As I embark on this new venture I'm presented with a world of possibilities. Every font under the sun, every colour imaginable, gifs, jpegs, pngs of anything I care to think of. Instead I'll temper my excitement, stick to my guns, and knuckle down for fear of another dressing down.
it arrived back like a bloody suicide note, red ink from header to footer, covered in hieroglyphics that made no sense.
I left school at 18, Margaret Thatcher was still in power and Northern Ireland was not big on opportunity. I took a years training/apprenticeship at a local newspaper. Lunch, always extended, usually included alcohol before sauntering back to the office where the atmosphere was, well… laid back. Everyone smoked at their desk, constantly. Work was a bit slap dash, law suits occurred frequently. It no longer exists, I think that speaks volumes. It was however a solid training ground and most of the people who went through it are still working in some related field.
They had the first real useable computers I’d seen, with a mouse and a GUI. It was light years away from sitting typing lines of code on a Commodore. Not only that but a laser printer spat out exactly what you saw on the screen. Most of the time it was even better than you saw on the screen as screen fonts back then were chronic. It sounds common place now but it was stunning. People sat at pasteboards (cut and paste…) with scalpels, cutting up galleys of type spewed out of the laser printer, pasting them down with prit for that week’s press. Spot colour, for that was all there was, was achieved by printing out sections onto acetate and pasting that over portions of advertising so the printer knew what to put on the ‘colour’ plate. There was no colour on the monitor, or the software (pagemaker) nor the printer for that matter, it was extremely limited in comparison to existing technology, but it was cheaper and more exciting!
Over the next few years the technology got better, faster and more colourful and I’d built up a bit of experience and also a lot of bad habits. Probably the worst habit was thinking I’d nothing more to learn, (that and putting 2 spaces after a full point).
By the mid 90s I’d found myself in the production room for the country’s school examination papers. The room was full of older men in various stages of retirement, myopia and alcoholism, crouched over pasteboards ticking, marking, scribbling, conferring, referencing, cutting and gluing. After a quick briefing where I was told “we use one font, no colour and a strict house style”, I thought “Holy shit, I’m back on square one”. I was lead to a Mac, Quark Xpress 3.0 and handed my first piece of work, type setting a straightforward marking scheme from handwritten manuscript. Simple, I thought, it’s all looks like Times New Roman so off I go bashing away. By the end of the day I’d done what I’d considered a reasonably good job, gave it a quick proof, stuck it in a job bag and went home. The next afternoon it arrived back like a bloody suicide note, red ink from header to footer, covered in hieroglyphics that made no sense. I prayed for the hole to open up. It didn’t. I sat there, staring at the bloody mess. I took a deep breath, admited I was floundering and went and spoke to “Big Eddy” Haughey, one of the older gents who sat opposite me.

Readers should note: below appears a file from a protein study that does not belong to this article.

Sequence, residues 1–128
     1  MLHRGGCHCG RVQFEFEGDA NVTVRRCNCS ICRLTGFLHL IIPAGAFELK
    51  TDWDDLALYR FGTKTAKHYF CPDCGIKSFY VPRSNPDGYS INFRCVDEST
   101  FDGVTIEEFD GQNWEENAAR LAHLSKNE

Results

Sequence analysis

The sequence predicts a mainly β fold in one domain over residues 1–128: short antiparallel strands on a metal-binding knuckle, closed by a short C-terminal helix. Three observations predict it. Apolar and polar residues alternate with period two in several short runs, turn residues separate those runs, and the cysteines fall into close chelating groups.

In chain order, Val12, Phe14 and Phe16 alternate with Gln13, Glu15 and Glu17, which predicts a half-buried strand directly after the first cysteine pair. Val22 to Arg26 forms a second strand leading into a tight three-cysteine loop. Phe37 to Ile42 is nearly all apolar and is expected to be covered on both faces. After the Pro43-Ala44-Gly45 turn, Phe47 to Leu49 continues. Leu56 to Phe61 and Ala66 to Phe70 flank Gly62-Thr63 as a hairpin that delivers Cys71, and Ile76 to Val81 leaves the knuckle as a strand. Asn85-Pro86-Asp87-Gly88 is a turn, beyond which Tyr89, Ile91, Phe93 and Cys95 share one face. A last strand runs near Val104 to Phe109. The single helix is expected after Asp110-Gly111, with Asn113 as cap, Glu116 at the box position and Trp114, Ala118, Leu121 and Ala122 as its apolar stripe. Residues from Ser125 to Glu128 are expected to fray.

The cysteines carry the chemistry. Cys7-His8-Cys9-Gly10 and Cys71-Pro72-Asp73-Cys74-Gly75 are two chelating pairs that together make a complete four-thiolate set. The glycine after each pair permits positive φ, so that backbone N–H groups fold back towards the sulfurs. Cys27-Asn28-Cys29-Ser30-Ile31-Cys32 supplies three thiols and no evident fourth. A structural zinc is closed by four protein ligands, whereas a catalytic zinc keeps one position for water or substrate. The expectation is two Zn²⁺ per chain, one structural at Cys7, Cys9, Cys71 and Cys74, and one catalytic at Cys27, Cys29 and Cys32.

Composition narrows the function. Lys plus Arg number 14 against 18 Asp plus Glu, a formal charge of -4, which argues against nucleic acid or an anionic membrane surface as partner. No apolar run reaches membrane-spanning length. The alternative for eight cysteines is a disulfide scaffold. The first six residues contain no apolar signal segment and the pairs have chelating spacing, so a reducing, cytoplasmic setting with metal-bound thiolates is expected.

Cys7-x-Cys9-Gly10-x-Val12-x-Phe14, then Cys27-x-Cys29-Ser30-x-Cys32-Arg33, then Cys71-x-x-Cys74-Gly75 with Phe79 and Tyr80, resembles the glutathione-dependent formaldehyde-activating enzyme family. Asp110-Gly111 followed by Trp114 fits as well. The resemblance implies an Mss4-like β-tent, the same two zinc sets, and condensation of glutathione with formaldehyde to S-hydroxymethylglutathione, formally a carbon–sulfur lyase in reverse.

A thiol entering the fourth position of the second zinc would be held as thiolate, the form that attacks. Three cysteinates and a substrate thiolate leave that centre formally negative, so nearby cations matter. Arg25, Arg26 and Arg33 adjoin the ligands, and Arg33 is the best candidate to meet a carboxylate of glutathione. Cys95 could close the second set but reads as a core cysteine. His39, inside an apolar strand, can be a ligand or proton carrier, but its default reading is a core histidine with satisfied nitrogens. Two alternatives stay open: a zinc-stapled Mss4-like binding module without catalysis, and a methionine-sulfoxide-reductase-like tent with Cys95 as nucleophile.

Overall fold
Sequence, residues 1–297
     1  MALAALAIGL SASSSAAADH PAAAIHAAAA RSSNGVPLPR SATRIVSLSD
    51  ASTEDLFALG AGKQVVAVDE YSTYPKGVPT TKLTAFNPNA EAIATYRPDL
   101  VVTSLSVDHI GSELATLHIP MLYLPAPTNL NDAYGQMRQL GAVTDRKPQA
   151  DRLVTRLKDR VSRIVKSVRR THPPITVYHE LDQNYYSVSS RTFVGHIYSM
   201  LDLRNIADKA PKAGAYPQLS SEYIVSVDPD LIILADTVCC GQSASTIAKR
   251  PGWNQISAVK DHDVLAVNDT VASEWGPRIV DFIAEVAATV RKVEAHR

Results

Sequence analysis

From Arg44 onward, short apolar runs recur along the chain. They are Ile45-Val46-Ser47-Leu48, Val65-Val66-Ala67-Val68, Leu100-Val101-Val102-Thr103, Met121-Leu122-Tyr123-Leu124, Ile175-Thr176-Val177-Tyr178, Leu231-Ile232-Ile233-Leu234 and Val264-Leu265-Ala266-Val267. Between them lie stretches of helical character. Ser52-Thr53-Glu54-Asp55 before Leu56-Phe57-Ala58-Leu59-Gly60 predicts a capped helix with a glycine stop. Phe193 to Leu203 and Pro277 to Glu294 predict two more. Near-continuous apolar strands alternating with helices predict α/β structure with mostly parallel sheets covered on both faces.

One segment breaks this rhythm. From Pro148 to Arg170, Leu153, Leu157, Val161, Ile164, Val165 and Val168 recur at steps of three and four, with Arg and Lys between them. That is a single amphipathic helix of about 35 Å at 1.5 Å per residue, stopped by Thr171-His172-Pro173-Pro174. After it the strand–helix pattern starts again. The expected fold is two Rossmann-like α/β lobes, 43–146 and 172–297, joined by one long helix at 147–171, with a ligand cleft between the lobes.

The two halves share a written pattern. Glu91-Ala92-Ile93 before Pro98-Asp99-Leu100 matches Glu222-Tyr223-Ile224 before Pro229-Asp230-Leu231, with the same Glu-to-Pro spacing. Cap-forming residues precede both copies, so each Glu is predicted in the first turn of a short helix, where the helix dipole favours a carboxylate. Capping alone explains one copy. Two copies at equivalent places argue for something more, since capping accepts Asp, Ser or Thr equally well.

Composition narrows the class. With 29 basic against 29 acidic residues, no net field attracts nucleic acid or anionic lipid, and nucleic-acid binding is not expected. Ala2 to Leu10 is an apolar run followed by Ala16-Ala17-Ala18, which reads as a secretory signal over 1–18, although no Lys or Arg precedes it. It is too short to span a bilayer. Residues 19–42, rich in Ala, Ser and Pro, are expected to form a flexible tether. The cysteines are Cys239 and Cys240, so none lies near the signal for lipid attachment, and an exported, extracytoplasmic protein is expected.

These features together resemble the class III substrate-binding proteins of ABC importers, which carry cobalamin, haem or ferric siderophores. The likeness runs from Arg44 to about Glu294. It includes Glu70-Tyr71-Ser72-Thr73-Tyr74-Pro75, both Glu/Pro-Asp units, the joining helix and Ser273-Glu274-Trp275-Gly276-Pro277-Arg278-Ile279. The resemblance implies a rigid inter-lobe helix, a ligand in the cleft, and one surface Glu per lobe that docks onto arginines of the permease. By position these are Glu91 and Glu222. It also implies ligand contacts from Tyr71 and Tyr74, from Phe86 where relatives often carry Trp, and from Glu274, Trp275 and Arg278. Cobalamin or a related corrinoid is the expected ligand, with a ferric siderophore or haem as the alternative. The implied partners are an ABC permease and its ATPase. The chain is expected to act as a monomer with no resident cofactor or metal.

”All the oul fellas are proof readers” said Eddy. Some had done it their whole lives, 40 years in some cases. Others had been typesetters in the 60s and 70s using phototypesetting and couple started life in newspapers using linotypes, technology dating back to Victorian times. They’d all worked at the Universities Press producing scientific encyclopedia, but had been slung on the scrap heap by youngsters who could operate a computer and a spell checker. I’d never thought of proofing as an actual trade, more an option on the “Edit” menu.
I showed him my copy like I used to show my mother a cut knee after riding a bike with no hands into a wall… intense pain with acute embarrassment. He looked down his nose, through his glasses and over his huge stomach at the red mess on his board. He sniffed and coughed. I flinched and winced. He pursed his lips and sucked in a room full of air and finally said… “it’s not too bad kid”. I exhaled a room full of air. He opened his drawer pulled out the style guide and a copy of the British Standard of Proof Readers Marks. He explained what the markup symbols meant and page by page I realised how little I knew about typography, about anything really. The difference between a forward slash and a solidus, an apostrophe and a prime, inches and quote marks, faux bold and Times Bold and on and on it went page after page. Every missing millimetre of indent, extra character space and typo was highlighted. Every toner blotch, paper crease and tea stain was a visual dressing down. Absolutely nothing got through the net because nothing could afford to. He finally said “listen kid, we don’t do fancy shit here, just keep it 10on12 and you’ll be just fine”. “10 what on 12 what” I said. “10 point body on a 12 point leading”, he said.
15 years later and I’m wrestling with HTML, CSS and Expression Engine. The words body, markup and stylesheet still mean much the same thing, leading has become line height, tracking is letter-spacing, ems have replaced points so I suppose it’s true, the more things change the more they stay the same. It’s laborious in comparison to print technologies, but it’s cheaper and more exciting. So I’ll keep it simple, keep it 10on12, metaphorically speaking. You don’t have to be fancy to be effective. You don’t have to decorate to communicate, stick to the basics, keep it simple and remember, experience usually trumps youth everytime.